This paper provides a quantitative investigation of the strength of the potential relationship between entrepreneurial activity and religious affiliation. The relationship between religion and economic development has attracted recent attention. A positive association may indicate that religion raises the social acceptability of entrepreneurial activity, by inculcating incentives to accumulate wealth and acquire personal responsibility, as well as providing social capital and may be particularly effective where state governance systems are weak. Institutionalist perspectives suggest that religious institutions may support definition of property rights. Economic benefits flow through reduced transactions costs. This paper engages these discussions in order to present a preliminary empirical investigation of the relationships which may exist across national boundaries between religion and entrepreneurship. Definitions of entrepreneurship are taken from the Global Entrepreneurship Monitor (GEM) studies for 2011 and 2012, focusing on the individual rather than on the business venture. Recent data on religious affiliation across countries are used to construct various measures of religious activity and diversity. Preliminary findings suggest, in particular, a significant association between GEM indicators and evangelical-pentecostal-charismatic Christian affiliation. The strength of these associations is offset by state regulation of religion. These findings suggest that attention needs to be paid to the potentially important role that certain forms of religion might play is providing a supportive cultural environment for entrepreneurship. They also suggest that policy-makers may wish to pay closer attention to the potentially supportive role that certain religious organizations might play in new business formation.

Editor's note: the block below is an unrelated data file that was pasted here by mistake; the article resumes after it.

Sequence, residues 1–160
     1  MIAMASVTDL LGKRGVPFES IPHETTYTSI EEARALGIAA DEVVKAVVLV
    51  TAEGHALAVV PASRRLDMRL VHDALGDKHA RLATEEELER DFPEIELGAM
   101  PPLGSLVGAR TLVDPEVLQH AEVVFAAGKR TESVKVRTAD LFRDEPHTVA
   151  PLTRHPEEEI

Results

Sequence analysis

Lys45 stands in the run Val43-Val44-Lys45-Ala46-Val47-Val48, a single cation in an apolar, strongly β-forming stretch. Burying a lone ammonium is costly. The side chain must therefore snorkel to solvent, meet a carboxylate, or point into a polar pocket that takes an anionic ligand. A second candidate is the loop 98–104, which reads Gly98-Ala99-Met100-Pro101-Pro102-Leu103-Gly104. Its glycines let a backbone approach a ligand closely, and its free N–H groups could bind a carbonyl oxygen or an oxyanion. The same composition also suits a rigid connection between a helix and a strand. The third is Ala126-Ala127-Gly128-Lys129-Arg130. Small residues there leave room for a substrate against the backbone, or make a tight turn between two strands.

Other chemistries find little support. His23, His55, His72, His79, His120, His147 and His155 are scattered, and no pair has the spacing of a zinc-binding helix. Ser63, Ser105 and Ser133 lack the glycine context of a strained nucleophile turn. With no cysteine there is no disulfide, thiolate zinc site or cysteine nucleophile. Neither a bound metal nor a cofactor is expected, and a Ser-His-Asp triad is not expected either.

|Published - 2014
|IZA Institute for Labor Discussion Paper
|IZA Institute for Labor, Bonn